The Science of Gardening
Posted on November 30, 2008 Comments (1)
Do go ahead and dig in soil improvements, Chalker-Scott advises, for vegetable gardens or annual flowerbeds, in which nutrients need replacing yearly. But there’s really no need to dig organic amendments—manure and peat moss, etc.—into landscapes that are permanent. Treat those plantings of trees and shrubs as if they were forest ecosystems, not agricultural fields—wood chips and decaying leaves on top, no tilling-in of fertilizer.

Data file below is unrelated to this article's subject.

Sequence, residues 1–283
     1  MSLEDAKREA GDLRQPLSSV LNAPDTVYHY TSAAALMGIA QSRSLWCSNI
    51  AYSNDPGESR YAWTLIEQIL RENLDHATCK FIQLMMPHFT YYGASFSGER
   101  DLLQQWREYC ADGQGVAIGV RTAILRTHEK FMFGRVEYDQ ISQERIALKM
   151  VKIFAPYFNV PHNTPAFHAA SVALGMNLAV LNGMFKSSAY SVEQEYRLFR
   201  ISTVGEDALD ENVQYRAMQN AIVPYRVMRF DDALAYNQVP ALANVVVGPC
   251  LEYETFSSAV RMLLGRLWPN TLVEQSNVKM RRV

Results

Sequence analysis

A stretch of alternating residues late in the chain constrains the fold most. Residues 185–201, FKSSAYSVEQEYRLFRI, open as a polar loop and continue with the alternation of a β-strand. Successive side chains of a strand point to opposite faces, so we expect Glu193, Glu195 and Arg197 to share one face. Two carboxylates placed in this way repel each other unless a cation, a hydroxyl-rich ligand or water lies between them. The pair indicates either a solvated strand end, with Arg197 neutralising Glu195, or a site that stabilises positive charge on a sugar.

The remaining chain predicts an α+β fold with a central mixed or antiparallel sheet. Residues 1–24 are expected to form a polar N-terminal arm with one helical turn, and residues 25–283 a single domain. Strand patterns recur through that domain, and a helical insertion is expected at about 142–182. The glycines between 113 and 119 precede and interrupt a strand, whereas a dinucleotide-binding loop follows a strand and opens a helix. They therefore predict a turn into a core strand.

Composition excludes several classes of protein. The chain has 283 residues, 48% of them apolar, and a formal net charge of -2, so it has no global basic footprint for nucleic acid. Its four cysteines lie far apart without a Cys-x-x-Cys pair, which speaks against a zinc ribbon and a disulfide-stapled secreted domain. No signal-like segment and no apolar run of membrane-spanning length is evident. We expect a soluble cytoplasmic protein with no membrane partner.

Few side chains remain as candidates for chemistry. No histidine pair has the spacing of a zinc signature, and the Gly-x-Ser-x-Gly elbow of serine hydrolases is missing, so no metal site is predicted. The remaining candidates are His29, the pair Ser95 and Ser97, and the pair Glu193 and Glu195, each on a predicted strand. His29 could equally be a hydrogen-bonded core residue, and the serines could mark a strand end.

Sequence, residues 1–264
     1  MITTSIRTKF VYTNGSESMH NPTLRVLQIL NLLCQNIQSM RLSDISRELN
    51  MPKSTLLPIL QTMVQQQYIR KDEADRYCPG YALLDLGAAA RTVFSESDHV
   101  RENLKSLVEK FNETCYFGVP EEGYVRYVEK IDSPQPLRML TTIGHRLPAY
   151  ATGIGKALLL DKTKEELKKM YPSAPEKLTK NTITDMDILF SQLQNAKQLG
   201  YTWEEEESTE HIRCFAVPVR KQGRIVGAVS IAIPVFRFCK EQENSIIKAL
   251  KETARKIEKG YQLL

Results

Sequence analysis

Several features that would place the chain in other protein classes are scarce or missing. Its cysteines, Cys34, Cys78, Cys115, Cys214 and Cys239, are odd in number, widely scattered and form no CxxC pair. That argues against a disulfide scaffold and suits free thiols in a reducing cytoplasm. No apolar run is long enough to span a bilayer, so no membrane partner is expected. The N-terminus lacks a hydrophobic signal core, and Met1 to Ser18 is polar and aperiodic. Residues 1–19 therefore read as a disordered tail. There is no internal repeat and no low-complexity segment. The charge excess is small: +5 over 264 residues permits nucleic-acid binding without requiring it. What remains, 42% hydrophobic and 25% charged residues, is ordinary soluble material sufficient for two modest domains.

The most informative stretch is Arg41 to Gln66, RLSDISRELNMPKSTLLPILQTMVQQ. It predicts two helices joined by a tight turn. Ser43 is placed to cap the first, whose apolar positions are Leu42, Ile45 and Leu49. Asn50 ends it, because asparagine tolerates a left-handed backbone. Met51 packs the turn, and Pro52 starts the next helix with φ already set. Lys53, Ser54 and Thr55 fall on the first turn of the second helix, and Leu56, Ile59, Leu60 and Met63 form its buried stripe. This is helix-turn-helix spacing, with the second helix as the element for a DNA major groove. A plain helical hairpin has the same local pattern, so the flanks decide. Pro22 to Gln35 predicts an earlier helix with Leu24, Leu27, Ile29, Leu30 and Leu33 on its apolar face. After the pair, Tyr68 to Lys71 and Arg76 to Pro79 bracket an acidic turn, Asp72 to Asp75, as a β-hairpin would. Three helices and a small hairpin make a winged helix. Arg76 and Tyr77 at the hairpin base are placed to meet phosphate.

It must drive both authors nuts to hear people say, “I’m an organic gardener. I never use chemicals.” Everything on earth is composed of chemicals.
The last line calls to mind the recent Royal Society of Chemistry attempt to reclaim the word chemical from the advertising and marketing industries: £1,000,000 for 100% chemical free material. A good example for our scientific literacy posts.
Photo by Justin Hunter.